Saudi king's death dominates regional media
King Abdullah's death tops the news agenda across the Middle East, with a tone of respectful grief dominating both traditional and social media.
There were, however, some voices on Twitter critical of his legacy, and Iranian TV had some negative things to say about Saudi Arabia's hereditary monarchy system.
Ukaz, Saudi Arabia's largest-circulation newspaper, is simply headlined: "Righteous king passes away".
"We shed tears and pray for you", reads the front page of the pro-government Saudi daily Al-Watan, with the king's face highlighted on a black background.
His death is "the saddest news ever", says an article headlined: "King of Humanity". It adds that his reign was marked by a "domestic qualitative shift, and a bias towards right and justice".
Al-Arabiya, the Saudi-funded pan-Arab TV channel, suspended its usual programming to provide reaction from world leaders.
Egypt's state-owned Nile News TV ran a black ribbon across the top of the screen, and all of its presenters were dressed in black.
There is widespread praise in the regional media for Abdullah's achievements.
The Saudi-owned pan-Arab paper Al-Sharq al-Awsat says the late king mastered the "art of diplomacy, successful administration and a humanitarian presence".
Egyptian state-run paper Al-Ahram says that under King Abdullah, Saudi foreign policy was marked by "commitment to the causes of the Arab nation, especially the Palestinian cause", while Sky News Arabia noted the king's role in supporting the Syrian opposition.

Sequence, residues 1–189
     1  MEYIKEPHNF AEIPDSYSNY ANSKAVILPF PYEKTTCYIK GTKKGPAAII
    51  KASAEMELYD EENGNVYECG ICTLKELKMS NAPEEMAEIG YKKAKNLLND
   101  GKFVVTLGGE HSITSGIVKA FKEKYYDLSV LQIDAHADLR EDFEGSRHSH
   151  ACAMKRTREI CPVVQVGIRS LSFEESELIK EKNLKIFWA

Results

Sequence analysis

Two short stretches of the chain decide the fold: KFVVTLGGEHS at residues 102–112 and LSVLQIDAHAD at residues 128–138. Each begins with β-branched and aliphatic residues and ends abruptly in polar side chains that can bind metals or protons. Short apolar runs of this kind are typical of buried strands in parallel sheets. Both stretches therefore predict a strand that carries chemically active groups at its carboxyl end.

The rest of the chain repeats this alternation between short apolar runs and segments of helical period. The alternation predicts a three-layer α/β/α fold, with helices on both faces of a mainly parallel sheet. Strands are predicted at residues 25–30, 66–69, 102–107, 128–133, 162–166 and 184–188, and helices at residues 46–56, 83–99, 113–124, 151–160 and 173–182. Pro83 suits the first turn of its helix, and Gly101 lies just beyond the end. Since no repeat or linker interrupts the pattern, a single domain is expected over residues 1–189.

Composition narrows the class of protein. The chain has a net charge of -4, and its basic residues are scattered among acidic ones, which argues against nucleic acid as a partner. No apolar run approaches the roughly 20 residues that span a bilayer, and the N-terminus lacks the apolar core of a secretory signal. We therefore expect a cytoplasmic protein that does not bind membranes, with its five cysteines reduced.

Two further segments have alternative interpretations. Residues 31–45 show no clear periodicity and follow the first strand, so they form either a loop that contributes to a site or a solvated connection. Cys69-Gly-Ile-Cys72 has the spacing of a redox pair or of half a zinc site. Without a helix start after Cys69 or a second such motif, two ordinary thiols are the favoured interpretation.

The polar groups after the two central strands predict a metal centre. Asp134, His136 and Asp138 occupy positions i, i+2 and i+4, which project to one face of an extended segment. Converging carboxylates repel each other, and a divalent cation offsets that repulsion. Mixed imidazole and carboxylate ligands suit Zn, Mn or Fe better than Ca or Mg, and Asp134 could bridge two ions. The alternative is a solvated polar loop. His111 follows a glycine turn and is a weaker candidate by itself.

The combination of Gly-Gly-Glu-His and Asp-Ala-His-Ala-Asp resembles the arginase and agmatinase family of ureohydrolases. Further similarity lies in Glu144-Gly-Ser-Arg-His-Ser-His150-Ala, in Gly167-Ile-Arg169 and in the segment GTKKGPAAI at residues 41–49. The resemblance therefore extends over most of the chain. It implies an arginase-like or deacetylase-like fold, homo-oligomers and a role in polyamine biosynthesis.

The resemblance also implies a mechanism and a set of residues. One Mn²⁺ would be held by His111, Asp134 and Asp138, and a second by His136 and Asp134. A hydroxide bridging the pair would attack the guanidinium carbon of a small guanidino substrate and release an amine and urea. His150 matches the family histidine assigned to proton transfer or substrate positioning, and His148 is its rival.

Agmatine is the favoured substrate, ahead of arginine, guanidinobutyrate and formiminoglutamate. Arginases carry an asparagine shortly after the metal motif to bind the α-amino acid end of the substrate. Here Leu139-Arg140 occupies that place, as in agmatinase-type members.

Kuwaiti paper Al-Qabas says that great strides made in the economy, education, health, society, transportation and agriculture during his reign have placed Saudi Arabia "among the advanced countries".
There is less approving coverage in the Iranian media. TV and radio stations in the Shia state have criticised the king's policies, and discussed rumours of alleged conflict within the royal family.
Iran's Tasnim news agency asked whether the hereditary monarchy in Saudi Arabia can continue for "eternity", saying that although there was a peaceful transfer of power this time, there are "disagreements about recent developments in this country, which Saudi princes are trying to hide".
A Lebanese newspaper, Al-Safir, worries that the king's death comes at a "sensitive moment" for the region, which it says is now facing "the most violent political turmoil ever".
Yemeni paper Al-Wasat publishes a "CV" of the new monarch, King Salman, saying that he may take a more cautious line than his predecessor on social reforms and democracy.
But UAE-based Gulf News cites analysts as saying that the new king is expected to continue Abdullah's policies. It says he is likely to stick to Opec's strategy of keeping oil output steady to protect the cartel's market share from rival producers, even as energy markets face some of the biggest shifts in decades.
Prayers on social media
On Arab social media, at least five Arabic hashtags are trending on the king's death. The hashtag #death_of_Saudi_king was used more than 200,000 times on Twitter in the first seven hours after the announcement, with many people describing it as like losing a father figure.
Prominent Saudi Twitter user @shugairi updated his account with a simple condolence message reflecting the prayerful comments of many social media users: "To Allah we belong and to Him is our return".
But a small minority of voices struck a more critical tone, such as user @Aboobeida66, who says: "Al-Saud [the ruling family] does not have the right to be in power".
Another Twitter user says that as long as people continue to support the Al-Sauds, they will remain oppressed. "We hope with his death things will change. But we will be patient," tweets @abooyasseen.
Meanwhile, jihadists on Twitter are celebrating the king's death and mocking his close ties with the West. Some have posted pictures of cakes and sweets which they say have been shared by Saudis on hearing the news.